Petra, Jordan - Travel Destinations

Ad Deir, one of the finest examples of old Nabataean architecture in Petra.
Ad Deir, one of the finest examples of old Nabataean architecture in Petra.

5. Description

In the mountains of Jordan, south of the Dead Sea, is the magnificent ancient city of Petra, carved out of the surrounding sandstone, with their pink, white, and red hues. This ancient city offers many unique sights, such as ancient domiciles, tombs, and temples, most hewed out of sandstone as well. The first-time visitor should not miss the chance to check out the imposing 45-meter-high Greek temple facade at the Al Khazneh temple site. The best time to explore Petra is during Spring and Fall, when temperatures are in a pleasant range, between 18 and 25 degrees Celsius (64 and 77 degrees Fahrenheit). Sunrise and sunset are the best hours to be in Petra, as this is when the sun most vibrantly lights up the sandstone colors of the temples.

4. Tourism

This destination is a must for any traveler who loves extraordinary places to visit. Everyone who has explored this magnificent place has been awestruck by its unique architecture. To get there, the average tourist flies to Amman, Jordan. From Amman, the usual options are then either a four-hour trip to Petra by car, or cheaper, often longer, bus ride. But if you are coming from Aqaba airport, you can get to Petra in only an hour and a half by car. Visitors shouldn’t forget to purchase entrance tickets from the visitor's center in the town of Wadi Musa, about 2 kilometers from the site itself, and children under 15 are able to enter the area for free. Visitors can find hotels, camping facilities, and restaurants in the area as well. Tourists can also find restaurants offering them the opportunity to dine on exquisite local fare on the site.

3. Uniqueness

Jordan is one of the safest countries to visit in the Middle East today, and Petra is prominently featured in the New World Wonders list. The movie Indiana Jones and the Last Crusade also honored Petra, by showcasing one its historic temples in several scenes. For the explorers-at-heart who come to town, there are temples, monasteries, and tombs to explore. If that is not enough for the archaeological history buffs, two museums are also to be found within the immediate area. A shopaholic will not miss out either, as they will find incredible bargains on local goods among the Bedouin merchants as well. Even Aaron, the brother of Moses, has a shrine here, dedicated to him by a Sultan. Petra is full of wonders, and has been officially designated by UNESCO as a World Heritage Site.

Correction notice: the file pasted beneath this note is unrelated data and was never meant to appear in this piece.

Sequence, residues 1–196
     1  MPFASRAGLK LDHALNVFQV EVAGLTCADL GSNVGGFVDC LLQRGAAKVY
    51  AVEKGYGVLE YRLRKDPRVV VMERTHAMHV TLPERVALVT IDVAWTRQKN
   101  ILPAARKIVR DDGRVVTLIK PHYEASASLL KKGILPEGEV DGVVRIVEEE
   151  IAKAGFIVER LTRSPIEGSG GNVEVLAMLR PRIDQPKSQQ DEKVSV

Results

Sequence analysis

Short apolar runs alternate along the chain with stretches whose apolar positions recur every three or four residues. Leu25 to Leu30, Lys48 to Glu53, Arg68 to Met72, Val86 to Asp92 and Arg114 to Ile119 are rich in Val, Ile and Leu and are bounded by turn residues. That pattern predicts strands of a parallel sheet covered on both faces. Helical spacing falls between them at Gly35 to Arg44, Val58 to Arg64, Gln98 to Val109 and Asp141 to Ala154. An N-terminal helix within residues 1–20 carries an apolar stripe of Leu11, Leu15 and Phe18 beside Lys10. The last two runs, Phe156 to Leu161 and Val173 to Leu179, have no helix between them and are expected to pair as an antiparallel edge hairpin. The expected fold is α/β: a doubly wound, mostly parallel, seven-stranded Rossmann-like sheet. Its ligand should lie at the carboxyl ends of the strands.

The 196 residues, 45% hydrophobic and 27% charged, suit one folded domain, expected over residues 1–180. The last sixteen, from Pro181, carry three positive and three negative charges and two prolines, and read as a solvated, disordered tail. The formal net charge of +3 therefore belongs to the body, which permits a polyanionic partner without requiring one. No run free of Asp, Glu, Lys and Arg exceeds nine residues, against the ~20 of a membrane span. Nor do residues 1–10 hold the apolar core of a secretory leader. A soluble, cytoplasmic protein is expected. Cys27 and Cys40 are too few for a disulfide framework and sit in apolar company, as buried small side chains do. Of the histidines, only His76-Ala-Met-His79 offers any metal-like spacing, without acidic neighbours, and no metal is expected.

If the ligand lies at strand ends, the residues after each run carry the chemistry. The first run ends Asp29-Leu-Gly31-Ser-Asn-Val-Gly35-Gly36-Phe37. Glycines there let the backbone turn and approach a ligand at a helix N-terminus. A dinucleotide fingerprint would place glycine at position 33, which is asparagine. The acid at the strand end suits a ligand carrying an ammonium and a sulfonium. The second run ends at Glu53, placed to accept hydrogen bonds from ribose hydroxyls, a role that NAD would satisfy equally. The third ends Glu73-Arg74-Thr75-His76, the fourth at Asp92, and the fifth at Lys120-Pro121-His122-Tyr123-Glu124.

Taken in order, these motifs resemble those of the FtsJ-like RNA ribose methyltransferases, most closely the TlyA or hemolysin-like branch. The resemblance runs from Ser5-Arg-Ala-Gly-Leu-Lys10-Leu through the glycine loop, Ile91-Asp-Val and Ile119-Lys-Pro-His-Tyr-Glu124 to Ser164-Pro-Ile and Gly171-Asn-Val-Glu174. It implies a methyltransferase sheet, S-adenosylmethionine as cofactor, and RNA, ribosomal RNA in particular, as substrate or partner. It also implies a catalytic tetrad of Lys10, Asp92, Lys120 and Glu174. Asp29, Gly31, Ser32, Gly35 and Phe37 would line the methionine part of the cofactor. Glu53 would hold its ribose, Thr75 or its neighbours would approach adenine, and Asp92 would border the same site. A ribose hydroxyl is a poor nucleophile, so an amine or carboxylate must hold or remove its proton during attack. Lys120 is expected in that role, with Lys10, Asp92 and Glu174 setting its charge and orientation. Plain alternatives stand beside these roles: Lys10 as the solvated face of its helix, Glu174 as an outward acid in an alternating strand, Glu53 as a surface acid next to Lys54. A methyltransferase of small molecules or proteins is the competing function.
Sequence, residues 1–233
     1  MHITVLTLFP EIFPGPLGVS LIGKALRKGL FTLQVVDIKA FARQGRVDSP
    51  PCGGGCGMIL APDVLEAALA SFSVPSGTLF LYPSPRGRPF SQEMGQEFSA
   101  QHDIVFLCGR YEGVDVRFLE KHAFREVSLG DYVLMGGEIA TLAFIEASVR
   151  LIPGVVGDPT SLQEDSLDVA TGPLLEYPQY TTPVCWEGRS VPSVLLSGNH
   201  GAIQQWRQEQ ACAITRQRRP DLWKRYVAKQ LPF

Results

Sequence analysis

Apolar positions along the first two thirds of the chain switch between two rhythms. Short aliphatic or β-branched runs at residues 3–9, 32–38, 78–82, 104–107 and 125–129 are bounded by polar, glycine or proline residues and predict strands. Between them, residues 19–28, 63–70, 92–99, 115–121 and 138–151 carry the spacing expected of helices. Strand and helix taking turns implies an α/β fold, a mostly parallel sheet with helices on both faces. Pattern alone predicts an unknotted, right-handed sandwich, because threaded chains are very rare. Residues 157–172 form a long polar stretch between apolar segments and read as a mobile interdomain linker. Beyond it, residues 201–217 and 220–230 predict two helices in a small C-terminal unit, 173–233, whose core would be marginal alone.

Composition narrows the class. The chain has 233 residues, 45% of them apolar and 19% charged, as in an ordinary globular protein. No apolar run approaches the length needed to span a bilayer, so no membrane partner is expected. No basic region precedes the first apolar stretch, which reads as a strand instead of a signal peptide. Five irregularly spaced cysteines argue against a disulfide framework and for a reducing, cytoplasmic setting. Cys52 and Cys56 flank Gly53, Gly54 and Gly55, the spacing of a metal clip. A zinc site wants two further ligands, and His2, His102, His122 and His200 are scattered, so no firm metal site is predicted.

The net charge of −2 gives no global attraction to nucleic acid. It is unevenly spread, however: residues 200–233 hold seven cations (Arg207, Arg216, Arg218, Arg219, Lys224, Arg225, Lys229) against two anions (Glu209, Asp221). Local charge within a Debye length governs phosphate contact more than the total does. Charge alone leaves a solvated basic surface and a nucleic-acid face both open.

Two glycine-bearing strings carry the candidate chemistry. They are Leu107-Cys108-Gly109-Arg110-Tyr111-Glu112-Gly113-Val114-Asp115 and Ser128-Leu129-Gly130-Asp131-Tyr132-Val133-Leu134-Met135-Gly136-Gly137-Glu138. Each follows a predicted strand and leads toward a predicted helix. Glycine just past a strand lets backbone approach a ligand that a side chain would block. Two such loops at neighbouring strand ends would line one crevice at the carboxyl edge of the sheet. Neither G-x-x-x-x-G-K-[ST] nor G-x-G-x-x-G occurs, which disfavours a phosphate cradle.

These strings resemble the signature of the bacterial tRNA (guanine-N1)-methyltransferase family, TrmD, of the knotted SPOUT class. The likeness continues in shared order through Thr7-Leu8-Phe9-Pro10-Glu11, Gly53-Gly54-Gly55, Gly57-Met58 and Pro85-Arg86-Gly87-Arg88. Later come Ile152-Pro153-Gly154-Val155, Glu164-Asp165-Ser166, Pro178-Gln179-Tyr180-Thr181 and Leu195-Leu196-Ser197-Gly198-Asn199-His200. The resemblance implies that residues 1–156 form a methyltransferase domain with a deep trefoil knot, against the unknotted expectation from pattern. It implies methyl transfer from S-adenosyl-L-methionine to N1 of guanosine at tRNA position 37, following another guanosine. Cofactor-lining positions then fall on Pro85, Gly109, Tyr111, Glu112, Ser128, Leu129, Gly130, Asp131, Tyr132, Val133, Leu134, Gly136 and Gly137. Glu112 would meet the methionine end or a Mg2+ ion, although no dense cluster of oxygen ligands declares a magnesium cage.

2. Habitat

The ancient Nabataeans gained so much wealth from their caravan-based trading practices that they had to build a fortified city to protect it. This meant a city hidden in the desert that they could defend, and where it would also easily become a crossroads for their caravan merchants. The desert landscape is dotted with sand dunes, canyons, and water canals. Today, the site itself is populated with several kinds of birds, while along the outlying desert a variety of indigenous plants can be found. The Bedouin tribes people have replaced the Nabataean merchants there today.

1. Threats

Petra is a safe destination in comparison to many other cities in the region, but tourists should know about occasional flash floods that can occur, especially in the canyons, after a heavy rain. There's also the threats coming from some local tribal people, who may scam tourists for money. Remaining cognizant and aware of these existing threats will help tourists keep themselves away from these dangers. Conversely, Petra’s integrity is threatened by many modern conveniences, such as cars and the influx of tourists themselves, as pollution can rapidly degrade the ancient construction marvels. People defacing the temples and other structures on historical sites is also another real problem. Looting and conflict are specifically a real and present danger to them, but to a lesser degree than seen in the 1990s. The decline in malicious acts can be partly attributed to the Petra National Trust, which has organized a risk management team to help keep such threats from destroying the city’s heritage.


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